I had a wonderful time at the Digital Media and Learning Conference this past weekend, and I’m still feeling that post-conference buzz. I’m determined not to let this conference go by without jotting down and sharing some of the ideas that I found most compelling. Here’s one of the key ideas that stayed with me.
Sonia Livingstone‘s closing keynote offered an important reminder of how we can oversimplify young people’s comfort with technology. She presented as counterpoint her own experience speaking with young people and their families, and observing their use of technology within their daily contexts. She found that parents can overestimate their children’s technological savvy, and that young people may speak with a bravado that breaks down as they are questioned further about how to, for example, adjust privacy settings or tweak who can see what of their profile on online social networks such as facebook.
This point–that we shouldn’t conflate prevailing *perceptions* of youth ease with technology with reality–resonates with my own work; in my research on the millennial generation, I argue that the millennial generation is as much if not more discursive construct than generational reality. (I have a piece in the upcoming Flow TV Anthology on the millennial discourse surrounding ABC Family’s Kyle XY.)
The notion of the millennial generation functions as a backward-aspirational category. According to cultural consultants such as Strauss and Howe, who popularized the term, millennials range from birth years in the mid to late 1970s to the early 2000s. But the category of millennial is culturally expansive; older generations engage with the generational fantasy of a youthful natural skill with technology, and identify vicariously with the sense of techno-savvy or techno-ease associated with millennials.
The millennial generation is a concept constructed in part by commercial interests such as TV networks like ABC Family and in part by cultural consultants–some of whom are working for commercial interests. The permeability of its very wide boundaries thus speaks in part to the category’s commercial logics. It is a cateogry that manages to straddle the line between niche and broad-based market group/cultural category. Indeed, the millennial construct’s expansive definition encourages blurred boundaries of identification, where we all imagine ourselves as part of the Gossip Girl martini-drinking, super-powered-phone-wielding generation.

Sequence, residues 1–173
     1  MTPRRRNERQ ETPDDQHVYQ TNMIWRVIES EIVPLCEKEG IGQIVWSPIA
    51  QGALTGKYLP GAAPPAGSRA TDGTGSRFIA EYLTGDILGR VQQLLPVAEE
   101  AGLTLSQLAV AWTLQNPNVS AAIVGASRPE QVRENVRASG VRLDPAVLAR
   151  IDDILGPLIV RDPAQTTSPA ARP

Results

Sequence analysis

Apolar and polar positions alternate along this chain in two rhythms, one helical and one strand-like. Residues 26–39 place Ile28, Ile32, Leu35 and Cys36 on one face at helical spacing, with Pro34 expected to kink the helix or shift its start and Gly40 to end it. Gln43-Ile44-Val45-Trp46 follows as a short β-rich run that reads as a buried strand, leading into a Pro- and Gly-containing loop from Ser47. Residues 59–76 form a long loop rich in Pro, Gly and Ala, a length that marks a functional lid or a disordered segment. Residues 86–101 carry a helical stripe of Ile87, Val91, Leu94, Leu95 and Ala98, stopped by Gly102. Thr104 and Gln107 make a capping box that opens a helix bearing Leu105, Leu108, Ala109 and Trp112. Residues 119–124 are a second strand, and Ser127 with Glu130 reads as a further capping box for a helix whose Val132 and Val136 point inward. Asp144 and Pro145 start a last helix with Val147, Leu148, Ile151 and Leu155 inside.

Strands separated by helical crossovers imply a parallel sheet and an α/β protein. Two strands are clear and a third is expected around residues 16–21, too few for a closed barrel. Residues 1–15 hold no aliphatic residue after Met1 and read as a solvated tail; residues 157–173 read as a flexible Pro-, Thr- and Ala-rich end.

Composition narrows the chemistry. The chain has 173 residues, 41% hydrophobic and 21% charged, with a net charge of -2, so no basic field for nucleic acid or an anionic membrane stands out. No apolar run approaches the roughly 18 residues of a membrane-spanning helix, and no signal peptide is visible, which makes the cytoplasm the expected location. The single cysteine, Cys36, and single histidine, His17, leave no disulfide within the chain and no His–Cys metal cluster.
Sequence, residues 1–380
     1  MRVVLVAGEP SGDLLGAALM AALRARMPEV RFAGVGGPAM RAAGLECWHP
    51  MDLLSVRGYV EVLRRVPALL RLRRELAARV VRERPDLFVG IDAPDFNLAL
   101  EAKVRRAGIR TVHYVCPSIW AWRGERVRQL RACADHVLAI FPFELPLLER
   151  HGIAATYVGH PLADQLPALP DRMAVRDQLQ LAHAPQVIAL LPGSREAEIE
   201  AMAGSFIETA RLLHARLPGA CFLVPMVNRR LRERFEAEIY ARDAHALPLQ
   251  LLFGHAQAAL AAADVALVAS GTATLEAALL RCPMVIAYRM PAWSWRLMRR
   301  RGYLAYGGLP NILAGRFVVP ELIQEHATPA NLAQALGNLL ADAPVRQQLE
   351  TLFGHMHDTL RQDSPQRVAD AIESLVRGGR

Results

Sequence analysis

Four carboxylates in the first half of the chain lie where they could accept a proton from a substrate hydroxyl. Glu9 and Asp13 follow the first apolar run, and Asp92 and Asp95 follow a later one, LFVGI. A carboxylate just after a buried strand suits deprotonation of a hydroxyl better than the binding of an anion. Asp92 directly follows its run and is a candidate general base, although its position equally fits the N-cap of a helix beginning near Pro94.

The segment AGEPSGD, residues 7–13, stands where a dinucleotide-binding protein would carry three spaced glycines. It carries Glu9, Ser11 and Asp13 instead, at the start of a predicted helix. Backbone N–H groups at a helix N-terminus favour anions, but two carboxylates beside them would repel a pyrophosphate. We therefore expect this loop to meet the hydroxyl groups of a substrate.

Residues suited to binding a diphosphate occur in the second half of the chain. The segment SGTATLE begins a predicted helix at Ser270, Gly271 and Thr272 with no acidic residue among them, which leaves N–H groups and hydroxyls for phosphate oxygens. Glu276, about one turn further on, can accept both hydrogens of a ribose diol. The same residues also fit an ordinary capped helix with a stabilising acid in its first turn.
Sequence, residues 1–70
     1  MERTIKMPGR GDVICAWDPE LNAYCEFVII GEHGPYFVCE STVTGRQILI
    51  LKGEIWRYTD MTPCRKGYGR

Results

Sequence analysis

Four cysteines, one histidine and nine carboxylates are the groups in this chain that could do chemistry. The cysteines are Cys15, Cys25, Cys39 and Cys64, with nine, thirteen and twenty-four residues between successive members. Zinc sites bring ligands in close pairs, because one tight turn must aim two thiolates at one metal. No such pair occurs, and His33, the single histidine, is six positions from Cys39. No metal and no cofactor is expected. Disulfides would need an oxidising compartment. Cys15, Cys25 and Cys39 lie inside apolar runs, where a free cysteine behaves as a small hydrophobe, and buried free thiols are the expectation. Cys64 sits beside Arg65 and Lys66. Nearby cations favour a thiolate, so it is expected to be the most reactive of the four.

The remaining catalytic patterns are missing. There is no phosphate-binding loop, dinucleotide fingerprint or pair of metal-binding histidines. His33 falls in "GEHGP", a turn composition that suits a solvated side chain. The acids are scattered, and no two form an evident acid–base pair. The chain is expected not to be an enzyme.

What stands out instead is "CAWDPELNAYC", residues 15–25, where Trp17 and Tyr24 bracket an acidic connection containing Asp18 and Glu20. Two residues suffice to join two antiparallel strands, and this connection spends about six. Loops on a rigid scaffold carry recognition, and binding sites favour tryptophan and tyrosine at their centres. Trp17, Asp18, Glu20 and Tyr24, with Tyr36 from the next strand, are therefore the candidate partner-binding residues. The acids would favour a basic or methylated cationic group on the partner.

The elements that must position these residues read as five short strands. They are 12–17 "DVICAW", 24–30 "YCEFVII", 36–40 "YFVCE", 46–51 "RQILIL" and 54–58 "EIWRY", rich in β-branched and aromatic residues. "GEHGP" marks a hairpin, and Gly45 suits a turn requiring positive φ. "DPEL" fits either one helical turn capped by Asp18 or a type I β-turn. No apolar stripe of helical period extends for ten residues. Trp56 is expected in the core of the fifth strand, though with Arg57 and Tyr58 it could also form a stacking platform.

As I write this, the perfect example circulates on twitter: this little quiz, created by the Pew Research Center as part of their new report on millennials that determines what percentage of millennial you are. This quiz would certainly lead us to believe that the millennial generation isn’t an in or out category, but rather is something we can identify with and see ourselves reflected in, at least in part.
So yes, as Livingstone argues, it seems wise not to just take this generational definition at face value. But on the other hand we don’t want to knee jerk in the other direction, to jump wholesale on the narrative that youth are actually techonologically ill-equipped and
thus need us seasoned adults to protect them from the evil machinations of the digital dangerscape as embodied by Facebook. Young people are neither all magical technowizards nor digital innocents and passive fodders to corporate attempts to coopt and manipulate them.
Part of the purpose of the DML conference (as supported by the MacArthur Foundation) was to consider issues of youth and media literacy. As we do so, I’d suggest we simultaneously interrogate the ideological stakes involved in defining youth as our subject of study, especially where–because of the ideological work of notions of youth and generation–we may find ourselves projecting our own fantasies of technological negotiations onto young people as a convenient category.